By Eleni P. Austin

                Back in the early ‘70s, a cigarette brand targeted toward women smokers, dreamed up a mansplain-y ad campaign that exclaimed “You’ve Come A Long Way Baby!” thus equating the Women’s suffrage movement and Women’s Lib with a pastel packaged cigarette that refreshed the weaker sex during menses… or something.

                During this same era, Rock N’ Roll was working through a protracted adolescence, grudgingly allowing women to enter its ranks. Even so, girls, as they were condescendingly known, were held to a different standard. In the ‘60s, Joni Mitchell gave up her daughter for adoption so she could continue pursuing a career in music. Even in the ‘70s, Stevie Nicks made the conscious decision to forgo marriage and motherhood, channeling all her energies into creating and performing music.

                These days, things have gotten a little better, although the same rigid double standard remains in place. Male musicians never get asked how they balance career and family, but female musicians are still made to feel guilty for wanting it all. Not surprisingly, multi-tasking women (really, are there any other kind), manage to maintain kids and marriage while still following their muse. In fact, Laura Veirs’ latest record, The Lookout, seems fully informed by her thoroughly domestic life as a wife with two sons.


                 Born in 1973, Laura grew up in Colorado Springs, Colorado. Music was around when she was a child, but she kind of took it for granted. Enchanted by nature and science, her first career goal was trapeze artist. It was while she was attending Carlton College, the small liberal arts school in Minnesota, that she started taking music seriously and began playing guitar. Punk Rock was a gateway drug, and she managed to join an all-girl Punk band called Rair Kx. By day, she studied Chinese and Geology, at night she played dimly lit clubs and bars. By the time she finished school, her tastes were leaning toward older Country and Folk. Following a stint in China, she began writing lyrics and setting them to music.

                By the late ‘90s she had relocated to Seattle, determined to pursue a career in music. She supported herself working as an ESL teacher and part-time gardener. Taking a page from Ani DiFranco’s D.I.Y. playbook, she self-released eponymous debut in 1999. Spare and Folk-flavored, it just featured Laura and her guitar.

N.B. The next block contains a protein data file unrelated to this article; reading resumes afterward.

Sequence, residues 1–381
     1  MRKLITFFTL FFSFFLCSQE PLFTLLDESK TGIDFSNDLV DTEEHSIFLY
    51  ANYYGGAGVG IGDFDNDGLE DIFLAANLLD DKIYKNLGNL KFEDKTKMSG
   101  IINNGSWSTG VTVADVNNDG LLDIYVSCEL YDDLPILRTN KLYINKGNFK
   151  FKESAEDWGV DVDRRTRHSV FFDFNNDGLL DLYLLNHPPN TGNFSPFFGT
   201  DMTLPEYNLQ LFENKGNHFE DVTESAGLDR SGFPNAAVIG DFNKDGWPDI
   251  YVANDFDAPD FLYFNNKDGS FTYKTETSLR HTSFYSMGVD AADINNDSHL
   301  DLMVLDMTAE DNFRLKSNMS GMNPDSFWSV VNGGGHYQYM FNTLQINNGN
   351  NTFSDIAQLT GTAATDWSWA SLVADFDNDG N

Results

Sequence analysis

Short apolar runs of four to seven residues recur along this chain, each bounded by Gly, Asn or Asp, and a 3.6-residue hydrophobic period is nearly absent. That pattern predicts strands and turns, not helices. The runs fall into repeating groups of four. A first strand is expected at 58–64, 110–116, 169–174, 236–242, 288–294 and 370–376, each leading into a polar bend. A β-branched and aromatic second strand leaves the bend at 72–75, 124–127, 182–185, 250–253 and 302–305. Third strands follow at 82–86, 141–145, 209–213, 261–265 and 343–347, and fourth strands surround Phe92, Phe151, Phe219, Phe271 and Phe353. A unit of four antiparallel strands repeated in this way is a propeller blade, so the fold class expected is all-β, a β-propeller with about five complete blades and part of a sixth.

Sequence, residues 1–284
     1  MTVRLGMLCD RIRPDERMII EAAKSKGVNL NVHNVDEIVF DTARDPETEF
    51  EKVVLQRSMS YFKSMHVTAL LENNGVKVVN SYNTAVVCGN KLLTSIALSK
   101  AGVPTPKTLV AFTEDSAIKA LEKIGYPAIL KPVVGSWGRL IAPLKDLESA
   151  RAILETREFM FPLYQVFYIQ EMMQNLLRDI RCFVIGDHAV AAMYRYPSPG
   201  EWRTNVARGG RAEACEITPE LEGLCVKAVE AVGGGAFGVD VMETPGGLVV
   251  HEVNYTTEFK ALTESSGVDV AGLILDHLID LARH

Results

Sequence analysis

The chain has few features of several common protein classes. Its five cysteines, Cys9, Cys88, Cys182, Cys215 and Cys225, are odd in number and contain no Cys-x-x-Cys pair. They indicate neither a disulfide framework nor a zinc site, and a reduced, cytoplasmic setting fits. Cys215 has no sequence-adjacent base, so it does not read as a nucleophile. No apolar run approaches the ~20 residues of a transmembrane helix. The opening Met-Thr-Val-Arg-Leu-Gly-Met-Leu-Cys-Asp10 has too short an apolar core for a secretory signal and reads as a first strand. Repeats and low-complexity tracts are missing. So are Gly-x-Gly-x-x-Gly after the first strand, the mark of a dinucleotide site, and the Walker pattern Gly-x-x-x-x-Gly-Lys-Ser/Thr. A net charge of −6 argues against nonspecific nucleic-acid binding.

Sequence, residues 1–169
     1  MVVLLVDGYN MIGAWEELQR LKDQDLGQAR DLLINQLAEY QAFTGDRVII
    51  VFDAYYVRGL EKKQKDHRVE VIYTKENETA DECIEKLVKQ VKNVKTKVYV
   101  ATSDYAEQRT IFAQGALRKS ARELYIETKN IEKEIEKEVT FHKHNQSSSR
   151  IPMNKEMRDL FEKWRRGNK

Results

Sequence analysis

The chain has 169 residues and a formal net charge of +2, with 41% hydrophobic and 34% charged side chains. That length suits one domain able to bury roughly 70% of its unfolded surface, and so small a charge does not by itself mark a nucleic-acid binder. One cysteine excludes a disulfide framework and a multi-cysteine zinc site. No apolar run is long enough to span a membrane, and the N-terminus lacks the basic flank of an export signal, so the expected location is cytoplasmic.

By her second record, 2001’s The Triumphs And Travails Of Orphan Mae, she had connected with producer Tucker Martine. He has worked on all her subsequent albums; Troubled By Fire, Carbon Glacier, Year Of Meteors, Saltbreakers, July Flame, Tumble Bee and Warp And Weft. While her sound blurred the lines between Country, Folk and Pop, lyrically she tackled a wide range of topics, referencing Geology, Science and Space as much as love and romantic relationships. Her conversational singing style was equal parts intimate and matter-of-fact. In 2007 she noted, “I like to be personal in my writing, but not overly confessional.”

                Along the way, Laura and Tucker’s relationship veered from professional to romantic; the couple married and are raising two young sons, Tennessee and Oz, in Portland, Oregon. In 2016, she entered into a professional partnership with Neko Case and k.d. lang. Billing themselves as case/lang/veirs they released a self-titled record that felt like a distaff Crosby, Stills & Nash and echoed Trio the historic 1987 collaboration between Dolly Parton, Linda Rondstadt and Emmylou Harris. Case, lang and Veirs’ harmonic convergence received rapturous reviews and landed at #33 on the Billboard charts.